Summary Mitochondria are autonomous cellular organelles that oversee a variety of functions such as metabolism, energy production, calcium buffering, and cell fate determination. Regulation of their morphology and diverse activities beyond energy production are being recognized as playing major roles in cellular health and dysfunction. This review is aimed at summarizing what is known regarding mitochondrial contributions to pathogenesis of lung diseases. Emphasis is given to understanding the importance of structural and functional aspects of mitochondria in both normal cellular function (based on knowledge from other cell types) and in development and modulation of lung diseases such as asthma, COPD, cystic fibrosis and cancer. Emerging techniques that allow examination of mitochondria, and potential strategies to target mitochondria in the treatment of lung diseases are also discussed. PMID:23978003

  7. Occupational lung diseases.

    Science.gov (United States)

    Furlow, Bryant

    2011-01-01

    Chest radiography and high-resolution computed tomography are indispensable tools in the detection, classification and characterization of occupational lung diseases that are caused by inhaling mineral particles such as asbestos, silicon-containing rock dust and other tissue-damaging antigens, nanomaterials and toxins. Radiographic evidence of occupational lung disease is interpreted with a patient's clinical signs and symptoms and a detailed occupational history in mind because of high variability in radiographic findings. This Directed Reading reviews the history, epidemiology, functional anatomy, pathobiology and medical diagnostic imaging of occupational lung diseases associated with inhalation of fine particulates in the workplace. This article is a Directed Reading. Your access to Directed Reading quizzes for continuing education credit is determined by your CE preference. For access to other quizzes, go to www.asrt.org/store.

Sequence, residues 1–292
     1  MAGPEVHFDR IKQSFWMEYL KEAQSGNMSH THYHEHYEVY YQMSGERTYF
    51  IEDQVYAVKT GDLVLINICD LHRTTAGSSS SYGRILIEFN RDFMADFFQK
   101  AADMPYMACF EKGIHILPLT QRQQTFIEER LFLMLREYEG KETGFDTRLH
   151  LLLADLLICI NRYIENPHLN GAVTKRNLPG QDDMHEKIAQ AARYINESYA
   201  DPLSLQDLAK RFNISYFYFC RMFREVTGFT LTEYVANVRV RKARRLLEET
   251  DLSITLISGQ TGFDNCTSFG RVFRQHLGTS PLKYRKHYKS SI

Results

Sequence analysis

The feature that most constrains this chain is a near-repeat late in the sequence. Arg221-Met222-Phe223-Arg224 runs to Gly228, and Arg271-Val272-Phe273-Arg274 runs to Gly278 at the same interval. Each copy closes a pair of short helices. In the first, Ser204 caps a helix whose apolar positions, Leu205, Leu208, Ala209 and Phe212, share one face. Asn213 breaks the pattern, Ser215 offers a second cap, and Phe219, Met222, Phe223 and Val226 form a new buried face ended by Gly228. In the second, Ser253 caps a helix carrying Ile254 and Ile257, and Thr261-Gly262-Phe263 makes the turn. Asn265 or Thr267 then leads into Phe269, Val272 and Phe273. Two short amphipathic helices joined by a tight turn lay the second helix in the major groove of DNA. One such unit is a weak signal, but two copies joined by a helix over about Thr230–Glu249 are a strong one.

8. Rare lung cancers

    International Nuclear Information System (INIS)

    Berzinec, P.

    2013-01-01

    The RARECARE Project (Rare Cancers in the Europe) supported by the European Union defined the rare cancers by the incidence rate of less than 6/100 000. There are several variants of lung cancer which are rare according to this definition. From the clinical point of view the most interesting are the rare adenocarcinomas and large cell neuroendocrine carcinoma. There are important differences in the diagnostic probability of EGFR and ALK mutations in the mutinous and non-mucin ous adenocarcinomas, in the signet ring cell adenocarcinomas, and large cell carcinomas. The optimal chemotherapy for neuroendocrine large cell carcinomas remains undefined. There is only very limited number of clinical trials aimed on the rare lung cancers and actually none phase III trial. Rare lung cancers continue to be a challenge both for the laboratory and the clinical research. (author)

  9. Oxygen and oxidative stress in the perinatal period

    Directory of Open Access Journals (Sweden)

    Isabel Torres-Cuevas

    2017-08-01